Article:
As I reviewed the day, while walking the last couple of miles, it occurred to me that today had, in some ways, been a test. It was as if I faced, in a single day, the hardest challenges of the Camino thus far.
Those steep ascents and descents with those damn stony paths hadn’t been seen since my earliest days walking. The weather was hot and muggy, also not felt in a few days. The busy traffic and urban sprawl was like right out of the walk into and out of Leon.
I remembered when my sister, Katy, and I were in the USAF Basic Training. One of the things we had to complete (Attempt, anyway) was the Confidence Course. This was a race through different challenges—crawling in the mud under barbed wire placed a foot off the ground, climbing over walls, and several water challenges, such as swinging from a rope over water to walking on a rope over water.
I remember our TI (Technical Instructor) mentioned that the course used to be called the Obstacle Course and there were a lot of failures. But when they did nothing more than change the name to Confidence Course, the failure rate dropped! Although Katy and I both failed on different water challenges, the power of the name stuck with me through the years.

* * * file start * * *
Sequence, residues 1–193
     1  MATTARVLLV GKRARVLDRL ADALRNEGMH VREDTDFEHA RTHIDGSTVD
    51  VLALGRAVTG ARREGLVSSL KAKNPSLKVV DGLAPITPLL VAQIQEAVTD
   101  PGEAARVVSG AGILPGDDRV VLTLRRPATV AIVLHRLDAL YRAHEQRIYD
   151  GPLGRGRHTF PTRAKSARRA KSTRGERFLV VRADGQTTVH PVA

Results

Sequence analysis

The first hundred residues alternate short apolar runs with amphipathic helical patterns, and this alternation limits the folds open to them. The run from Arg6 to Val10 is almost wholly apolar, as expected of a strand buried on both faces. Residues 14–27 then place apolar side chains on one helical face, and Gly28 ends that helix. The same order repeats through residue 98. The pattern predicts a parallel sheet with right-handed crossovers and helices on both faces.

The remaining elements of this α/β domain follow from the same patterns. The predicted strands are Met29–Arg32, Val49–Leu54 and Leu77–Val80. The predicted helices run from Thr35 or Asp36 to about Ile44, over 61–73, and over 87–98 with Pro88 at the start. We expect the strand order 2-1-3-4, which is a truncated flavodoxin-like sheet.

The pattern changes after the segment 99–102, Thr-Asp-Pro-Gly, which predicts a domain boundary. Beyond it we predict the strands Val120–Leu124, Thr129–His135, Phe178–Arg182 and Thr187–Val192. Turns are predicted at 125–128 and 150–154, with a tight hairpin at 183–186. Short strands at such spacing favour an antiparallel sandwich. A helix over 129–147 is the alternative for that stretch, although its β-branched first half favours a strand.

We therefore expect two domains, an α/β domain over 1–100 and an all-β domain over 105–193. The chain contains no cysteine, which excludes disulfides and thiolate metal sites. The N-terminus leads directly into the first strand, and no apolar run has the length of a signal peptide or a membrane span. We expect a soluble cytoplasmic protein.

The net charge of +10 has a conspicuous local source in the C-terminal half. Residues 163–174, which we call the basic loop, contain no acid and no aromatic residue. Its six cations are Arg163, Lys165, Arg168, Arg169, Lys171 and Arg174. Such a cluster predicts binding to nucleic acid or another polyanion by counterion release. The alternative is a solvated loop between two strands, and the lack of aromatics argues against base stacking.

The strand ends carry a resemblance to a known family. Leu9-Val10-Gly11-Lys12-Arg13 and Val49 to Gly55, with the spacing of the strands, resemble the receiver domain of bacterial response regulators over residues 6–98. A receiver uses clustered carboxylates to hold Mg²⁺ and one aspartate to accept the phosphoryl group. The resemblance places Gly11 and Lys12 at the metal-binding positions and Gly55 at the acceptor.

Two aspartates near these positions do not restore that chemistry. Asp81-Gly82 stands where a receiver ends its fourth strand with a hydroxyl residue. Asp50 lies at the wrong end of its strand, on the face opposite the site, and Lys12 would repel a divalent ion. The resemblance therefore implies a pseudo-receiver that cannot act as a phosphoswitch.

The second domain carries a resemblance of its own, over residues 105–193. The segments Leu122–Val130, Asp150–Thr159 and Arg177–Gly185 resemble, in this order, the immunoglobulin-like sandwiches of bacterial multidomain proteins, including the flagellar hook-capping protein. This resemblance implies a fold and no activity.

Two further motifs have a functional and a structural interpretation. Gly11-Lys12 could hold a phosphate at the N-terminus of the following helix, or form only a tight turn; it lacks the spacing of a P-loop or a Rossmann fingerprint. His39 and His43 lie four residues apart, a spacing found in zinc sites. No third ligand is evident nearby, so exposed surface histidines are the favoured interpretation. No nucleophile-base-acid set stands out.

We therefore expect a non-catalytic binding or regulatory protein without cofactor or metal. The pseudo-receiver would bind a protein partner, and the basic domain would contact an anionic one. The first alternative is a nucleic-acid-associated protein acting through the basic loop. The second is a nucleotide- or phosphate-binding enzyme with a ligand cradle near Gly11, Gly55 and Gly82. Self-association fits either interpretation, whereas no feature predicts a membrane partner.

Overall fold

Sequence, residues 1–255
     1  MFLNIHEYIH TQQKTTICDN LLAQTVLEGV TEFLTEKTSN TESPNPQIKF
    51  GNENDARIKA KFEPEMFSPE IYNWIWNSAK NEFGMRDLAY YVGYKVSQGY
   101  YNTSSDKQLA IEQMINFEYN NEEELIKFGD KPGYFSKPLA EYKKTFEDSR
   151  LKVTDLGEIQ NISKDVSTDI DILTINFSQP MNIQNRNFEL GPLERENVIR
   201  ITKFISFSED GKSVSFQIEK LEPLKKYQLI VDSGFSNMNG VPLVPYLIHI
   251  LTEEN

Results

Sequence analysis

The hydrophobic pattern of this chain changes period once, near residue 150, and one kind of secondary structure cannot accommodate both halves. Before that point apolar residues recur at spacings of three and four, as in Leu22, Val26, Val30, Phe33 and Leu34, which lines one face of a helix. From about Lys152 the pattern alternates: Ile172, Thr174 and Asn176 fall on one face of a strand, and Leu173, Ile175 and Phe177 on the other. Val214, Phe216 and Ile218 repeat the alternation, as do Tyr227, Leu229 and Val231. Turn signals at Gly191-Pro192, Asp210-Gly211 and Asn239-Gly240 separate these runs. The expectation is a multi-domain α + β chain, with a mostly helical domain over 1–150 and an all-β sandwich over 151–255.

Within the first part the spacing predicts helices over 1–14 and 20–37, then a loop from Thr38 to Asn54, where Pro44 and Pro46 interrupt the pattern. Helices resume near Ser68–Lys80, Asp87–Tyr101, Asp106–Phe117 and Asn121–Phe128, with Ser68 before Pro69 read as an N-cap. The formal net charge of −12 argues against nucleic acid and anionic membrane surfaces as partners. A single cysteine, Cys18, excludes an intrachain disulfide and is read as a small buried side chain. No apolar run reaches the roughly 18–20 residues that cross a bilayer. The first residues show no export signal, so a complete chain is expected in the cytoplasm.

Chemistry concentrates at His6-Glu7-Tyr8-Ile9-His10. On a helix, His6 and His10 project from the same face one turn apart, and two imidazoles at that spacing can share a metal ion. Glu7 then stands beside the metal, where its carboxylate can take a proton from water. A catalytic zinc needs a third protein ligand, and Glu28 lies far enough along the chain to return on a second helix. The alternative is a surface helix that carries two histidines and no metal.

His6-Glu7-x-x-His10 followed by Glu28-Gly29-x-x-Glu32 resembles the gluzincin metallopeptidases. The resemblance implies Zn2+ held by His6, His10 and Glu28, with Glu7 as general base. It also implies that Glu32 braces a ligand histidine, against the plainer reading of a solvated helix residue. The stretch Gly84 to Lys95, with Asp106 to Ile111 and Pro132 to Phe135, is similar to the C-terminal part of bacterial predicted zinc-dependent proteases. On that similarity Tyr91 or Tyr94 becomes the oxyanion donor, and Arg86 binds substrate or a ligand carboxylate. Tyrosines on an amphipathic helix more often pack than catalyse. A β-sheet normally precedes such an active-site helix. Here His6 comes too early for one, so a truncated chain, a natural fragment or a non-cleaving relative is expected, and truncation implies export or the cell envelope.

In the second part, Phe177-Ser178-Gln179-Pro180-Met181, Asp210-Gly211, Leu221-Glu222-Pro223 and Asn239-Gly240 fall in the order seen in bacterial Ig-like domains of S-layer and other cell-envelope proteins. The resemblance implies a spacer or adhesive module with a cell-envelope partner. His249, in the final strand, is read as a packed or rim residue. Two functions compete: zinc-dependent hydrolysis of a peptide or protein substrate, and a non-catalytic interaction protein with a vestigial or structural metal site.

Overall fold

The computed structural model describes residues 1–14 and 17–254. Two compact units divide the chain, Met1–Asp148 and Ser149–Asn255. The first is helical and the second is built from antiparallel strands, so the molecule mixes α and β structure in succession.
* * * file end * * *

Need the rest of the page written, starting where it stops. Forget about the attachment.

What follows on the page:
When I first started the Camino, it felt more like an obstacle course. The steep inclines and descents, those damnable rocky paths, all felt like something set up to defeat me; they were tasks I felt unequal to.
But today felt like a Confidence Course! I knew I could handle the terrain, even without trekking poles, and I embraced the opportunity to try.
When I arrived at my hotel, my watch told me that I had done 46, 326 steps for a total of 20.17 miles. I had started at 7:42 this morning and arrived at 4:50 this afternoon. Just over nine hours from start to finish with three breaks—and my feet were fine!!. It was a long day, a challenging day, a good day. I had passed the test and I knew that, even though I still have nine days left to walk, that I will be just fine. I’ve no doubt there are still things I will learn on this Camino but I feel like the biggest lesson I learned today: that I can do it, if I just have confidence in myself.